Kate Roff hits a few bumps with road rules while driving overseas.
The traffic light laws at intersections in the US remind me a lot of a line from the movie Pirates of the Caribbean (don't pretend you didn't see it) where Geoffrey Rush gets out of a technical regulation by claiming, "It's more of a guideline than an actual rule".
You see, though most countries uniformly recognise a red light as a solid indication to stop, in the midwestern states of Northern America they are somewhat flexible. A red does indeed mean stop, but there are exceptions to the rule. If you are turning right (remember, that would be the equivalent of our NZ left), then you are allowed to stop, look, and then go. Also, if you are turning left on to a one-way road and have a red light, you are permitted to stop and then proceed. Particularly unhelpful for international drivers is the use of flashing red lights, which means the traffic light in question is sometimes used but at the moment it too has been relegated to the role of a stop sign. It goes against most drivers' instincts and usually leaves me trying to mentally run through an entire list of sub-clauses from drivers-ed books when I approach intersections.
Confusing traffic laws are not, obviously, limited to the Land of the Free. Aside from the left-right switch most drivers have to make on their trip abroad, there are other road customs that are more culturally-based. Avoiding collisions with weaving motorbikes in Thailand, dodging wayward sacred cattle in India, and moving off the road for faster motorists to pass you in South Africa are all par for the course for seasoned drivers, but confronting for newcomers. During one ludicrous moment in Florence, it became clear to me that despite the installation of a roundabout designed to ease the traffic flow at a congested intersection, no one had any intention of giving way — resulting in an almost comical array of cars squeezed bumper-to-bumper in a chaotic circle that took a full hour to untangle. Another stand-off I came across was on a one-way bridge in Costa Rica, where two vehicles had attempted to cross at the same time. The drivers met in the middle and each stubbornly refused to reverse, while traffic behind them on both sides backed up. When one of them finally agreed to double back it took forever to convince everyone behind him that they had to do the same.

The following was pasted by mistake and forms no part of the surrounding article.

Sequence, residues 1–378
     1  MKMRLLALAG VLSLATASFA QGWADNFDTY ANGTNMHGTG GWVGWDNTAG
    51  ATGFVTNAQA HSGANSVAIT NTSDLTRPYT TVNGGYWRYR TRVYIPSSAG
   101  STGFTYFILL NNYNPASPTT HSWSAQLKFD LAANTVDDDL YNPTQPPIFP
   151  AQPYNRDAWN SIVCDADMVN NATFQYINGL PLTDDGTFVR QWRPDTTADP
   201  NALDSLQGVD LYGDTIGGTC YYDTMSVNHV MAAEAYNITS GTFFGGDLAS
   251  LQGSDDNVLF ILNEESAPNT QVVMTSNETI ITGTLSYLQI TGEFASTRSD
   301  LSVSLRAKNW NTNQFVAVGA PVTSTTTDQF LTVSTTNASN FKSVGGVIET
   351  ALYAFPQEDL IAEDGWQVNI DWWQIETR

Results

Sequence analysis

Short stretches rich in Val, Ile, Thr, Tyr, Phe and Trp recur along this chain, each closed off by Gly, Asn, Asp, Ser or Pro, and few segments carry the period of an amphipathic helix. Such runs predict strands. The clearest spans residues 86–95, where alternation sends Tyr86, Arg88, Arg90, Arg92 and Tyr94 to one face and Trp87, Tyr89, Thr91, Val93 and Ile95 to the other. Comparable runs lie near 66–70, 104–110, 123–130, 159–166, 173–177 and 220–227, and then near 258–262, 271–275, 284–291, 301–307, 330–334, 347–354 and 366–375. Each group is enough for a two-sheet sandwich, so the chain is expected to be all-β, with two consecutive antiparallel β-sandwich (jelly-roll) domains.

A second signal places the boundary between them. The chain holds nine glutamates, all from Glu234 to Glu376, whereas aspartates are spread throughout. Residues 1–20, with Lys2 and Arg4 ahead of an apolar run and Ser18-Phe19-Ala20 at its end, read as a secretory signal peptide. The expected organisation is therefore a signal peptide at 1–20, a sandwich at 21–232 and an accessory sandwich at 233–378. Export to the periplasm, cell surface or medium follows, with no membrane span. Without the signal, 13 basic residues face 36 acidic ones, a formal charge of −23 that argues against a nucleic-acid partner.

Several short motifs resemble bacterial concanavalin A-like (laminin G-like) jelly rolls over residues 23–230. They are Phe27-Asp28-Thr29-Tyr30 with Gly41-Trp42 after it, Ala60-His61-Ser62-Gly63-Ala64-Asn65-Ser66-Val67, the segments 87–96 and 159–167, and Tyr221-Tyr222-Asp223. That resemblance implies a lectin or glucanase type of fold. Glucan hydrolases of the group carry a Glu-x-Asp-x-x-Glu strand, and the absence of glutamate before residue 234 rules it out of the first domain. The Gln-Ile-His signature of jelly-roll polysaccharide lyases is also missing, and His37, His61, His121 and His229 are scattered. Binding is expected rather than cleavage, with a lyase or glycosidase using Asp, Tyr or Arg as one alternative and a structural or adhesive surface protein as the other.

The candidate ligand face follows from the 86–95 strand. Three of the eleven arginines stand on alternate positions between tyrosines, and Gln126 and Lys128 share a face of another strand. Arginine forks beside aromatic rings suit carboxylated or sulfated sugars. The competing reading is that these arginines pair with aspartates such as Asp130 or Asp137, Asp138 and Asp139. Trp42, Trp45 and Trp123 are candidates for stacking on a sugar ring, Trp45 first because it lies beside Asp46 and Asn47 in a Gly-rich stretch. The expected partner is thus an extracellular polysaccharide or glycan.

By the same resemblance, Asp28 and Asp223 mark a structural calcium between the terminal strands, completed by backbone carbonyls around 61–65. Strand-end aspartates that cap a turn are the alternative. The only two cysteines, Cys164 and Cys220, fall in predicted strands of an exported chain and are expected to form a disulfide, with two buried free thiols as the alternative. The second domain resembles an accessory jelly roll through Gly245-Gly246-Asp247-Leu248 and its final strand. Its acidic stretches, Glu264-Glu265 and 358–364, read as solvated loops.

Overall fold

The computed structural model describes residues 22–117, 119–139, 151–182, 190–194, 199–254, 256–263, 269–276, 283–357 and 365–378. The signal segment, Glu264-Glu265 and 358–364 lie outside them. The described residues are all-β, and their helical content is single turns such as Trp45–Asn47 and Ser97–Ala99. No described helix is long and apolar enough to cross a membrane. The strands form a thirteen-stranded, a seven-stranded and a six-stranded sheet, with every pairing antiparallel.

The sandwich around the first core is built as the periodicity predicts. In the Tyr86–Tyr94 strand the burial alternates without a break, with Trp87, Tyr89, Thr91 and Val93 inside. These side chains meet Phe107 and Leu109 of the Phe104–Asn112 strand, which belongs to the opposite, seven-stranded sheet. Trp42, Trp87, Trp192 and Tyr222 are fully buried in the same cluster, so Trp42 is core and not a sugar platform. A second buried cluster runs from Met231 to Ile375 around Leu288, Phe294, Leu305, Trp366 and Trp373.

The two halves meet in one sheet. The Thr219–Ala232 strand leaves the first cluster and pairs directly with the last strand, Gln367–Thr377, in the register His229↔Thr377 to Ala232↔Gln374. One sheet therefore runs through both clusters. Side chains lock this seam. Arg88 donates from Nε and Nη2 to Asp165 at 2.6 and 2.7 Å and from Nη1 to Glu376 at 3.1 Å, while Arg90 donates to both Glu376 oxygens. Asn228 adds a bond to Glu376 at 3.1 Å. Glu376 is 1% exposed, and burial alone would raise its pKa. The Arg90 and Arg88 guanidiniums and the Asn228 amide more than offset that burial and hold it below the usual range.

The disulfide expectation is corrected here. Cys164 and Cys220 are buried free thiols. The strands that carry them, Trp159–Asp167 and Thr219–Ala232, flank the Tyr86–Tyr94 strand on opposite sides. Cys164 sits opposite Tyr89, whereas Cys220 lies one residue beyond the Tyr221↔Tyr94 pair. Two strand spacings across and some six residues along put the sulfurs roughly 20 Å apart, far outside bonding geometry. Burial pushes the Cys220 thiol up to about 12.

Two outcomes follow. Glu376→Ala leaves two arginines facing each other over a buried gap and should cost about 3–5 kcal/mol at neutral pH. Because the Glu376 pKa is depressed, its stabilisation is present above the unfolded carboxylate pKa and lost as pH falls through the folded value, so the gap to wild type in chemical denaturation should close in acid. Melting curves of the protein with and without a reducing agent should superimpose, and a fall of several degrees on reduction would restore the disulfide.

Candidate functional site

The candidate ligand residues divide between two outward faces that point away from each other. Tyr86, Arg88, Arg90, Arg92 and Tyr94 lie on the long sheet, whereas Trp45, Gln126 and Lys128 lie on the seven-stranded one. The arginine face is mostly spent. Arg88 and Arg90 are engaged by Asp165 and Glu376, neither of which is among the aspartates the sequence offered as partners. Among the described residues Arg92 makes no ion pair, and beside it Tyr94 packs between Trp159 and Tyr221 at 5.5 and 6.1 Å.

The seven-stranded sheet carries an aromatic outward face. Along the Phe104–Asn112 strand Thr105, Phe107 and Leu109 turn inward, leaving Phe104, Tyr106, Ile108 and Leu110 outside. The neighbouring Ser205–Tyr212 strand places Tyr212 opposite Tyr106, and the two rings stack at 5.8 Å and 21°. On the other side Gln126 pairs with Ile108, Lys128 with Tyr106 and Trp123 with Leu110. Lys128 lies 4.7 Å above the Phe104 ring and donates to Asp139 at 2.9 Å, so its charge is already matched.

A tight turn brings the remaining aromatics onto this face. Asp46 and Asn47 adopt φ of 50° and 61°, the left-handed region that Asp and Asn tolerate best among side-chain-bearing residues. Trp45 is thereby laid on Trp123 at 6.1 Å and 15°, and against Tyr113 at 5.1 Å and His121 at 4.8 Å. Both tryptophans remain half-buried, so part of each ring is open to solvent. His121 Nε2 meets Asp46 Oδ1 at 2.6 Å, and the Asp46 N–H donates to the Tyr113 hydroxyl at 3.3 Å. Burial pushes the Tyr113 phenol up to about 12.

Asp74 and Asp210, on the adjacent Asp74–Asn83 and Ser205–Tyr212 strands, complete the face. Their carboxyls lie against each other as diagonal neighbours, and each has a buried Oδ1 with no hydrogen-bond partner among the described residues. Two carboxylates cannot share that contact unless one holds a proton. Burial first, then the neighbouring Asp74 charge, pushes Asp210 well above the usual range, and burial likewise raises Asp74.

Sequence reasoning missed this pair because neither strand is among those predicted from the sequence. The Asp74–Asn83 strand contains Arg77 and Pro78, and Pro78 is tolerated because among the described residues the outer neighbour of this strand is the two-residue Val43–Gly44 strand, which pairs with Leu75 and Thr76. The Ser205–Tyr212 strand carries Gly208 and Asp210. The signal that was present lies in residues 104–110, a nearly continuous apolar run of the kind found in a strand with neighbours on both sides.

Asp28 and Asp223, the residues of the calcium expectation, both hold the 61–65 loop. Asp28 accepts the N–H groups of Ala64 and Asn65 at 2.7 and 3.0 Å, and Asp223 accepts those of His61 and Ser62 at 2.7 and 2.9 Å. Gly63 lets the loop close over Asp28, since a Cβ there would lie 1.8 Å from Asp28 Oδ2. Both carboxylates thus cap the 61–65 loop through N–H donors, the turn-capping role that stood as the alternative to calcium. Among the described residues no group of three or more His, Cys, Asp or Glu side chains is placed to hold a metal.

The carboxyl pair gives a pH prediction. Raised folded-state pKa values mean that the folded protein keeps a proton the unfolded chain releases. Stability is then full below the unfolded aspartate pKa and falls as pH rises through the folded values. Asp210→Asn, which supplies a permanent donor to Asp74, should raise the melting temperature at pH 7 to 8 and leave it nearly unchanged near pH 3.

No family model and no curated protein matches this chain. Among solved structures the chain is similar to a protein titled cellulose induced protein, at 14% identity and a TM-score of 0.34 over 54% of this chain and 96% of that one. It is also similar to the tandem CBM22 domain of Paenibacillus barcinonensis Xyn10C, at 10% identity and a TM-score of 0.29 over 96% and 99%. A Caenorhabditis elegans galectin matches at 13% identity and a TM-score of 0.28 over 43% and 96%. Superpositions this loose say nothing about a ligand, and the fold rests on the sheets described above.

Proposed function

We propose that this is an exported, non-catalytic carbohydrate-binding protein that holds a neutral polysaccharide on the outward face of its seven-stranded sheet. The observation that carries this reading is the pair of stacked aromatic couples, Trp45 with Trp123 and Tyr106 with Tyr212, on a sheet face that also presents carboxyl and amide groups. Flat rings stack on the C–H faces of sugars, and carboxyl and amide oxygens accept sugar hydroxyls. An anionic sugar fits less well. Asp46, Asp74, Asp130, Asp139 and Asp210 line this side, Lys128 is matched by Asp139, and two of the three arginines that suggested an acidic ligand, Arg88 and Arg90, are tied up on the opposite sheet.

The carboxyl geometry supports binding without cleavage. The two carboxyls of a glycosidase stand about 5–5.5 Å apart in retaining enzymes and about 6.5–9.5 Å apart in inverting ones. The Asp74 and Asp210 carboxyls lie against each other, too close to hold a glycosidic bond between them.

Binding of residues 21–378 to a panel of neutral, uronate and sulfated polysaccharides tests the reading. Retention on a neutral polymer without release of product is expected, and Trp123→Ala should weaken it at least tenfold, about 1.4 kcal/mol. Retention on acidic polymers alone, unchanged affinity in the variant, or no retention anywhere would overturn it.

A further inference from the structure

Even more concerning are some of the laws that can ping you while driving in other countries. You can technically be fined for running out of fuel on the autobahn in Germany, having any blood alcohol level above zero in Brazil, splashing a pedestrian as you drive through puddles in Japan, and in Manila, there's one day a week when you cannot drive your car, determined by the last digit of your licence plate. That's right, if your numberplate ends in a 2 you're not supposed to drive on Mondays.
I have, however, encountered one silver-lining moment when driving overseas. I incurred a parking fine in Edinburgh after I illegally parked to duck into my hotel (ironically to ask where to park the hire car).
When the fine was dutifully passed on by the rental company I wrote to the Scottish authorities to explain the situation. The letter I received in reply essentially implied that they had no way of enforcing the fine, and could I kindly stop bothering them about it? It's not something I recommend, as it could have easily gone the other way, but I did walk away from that one feeling like I'd had at least one win on the international road scene.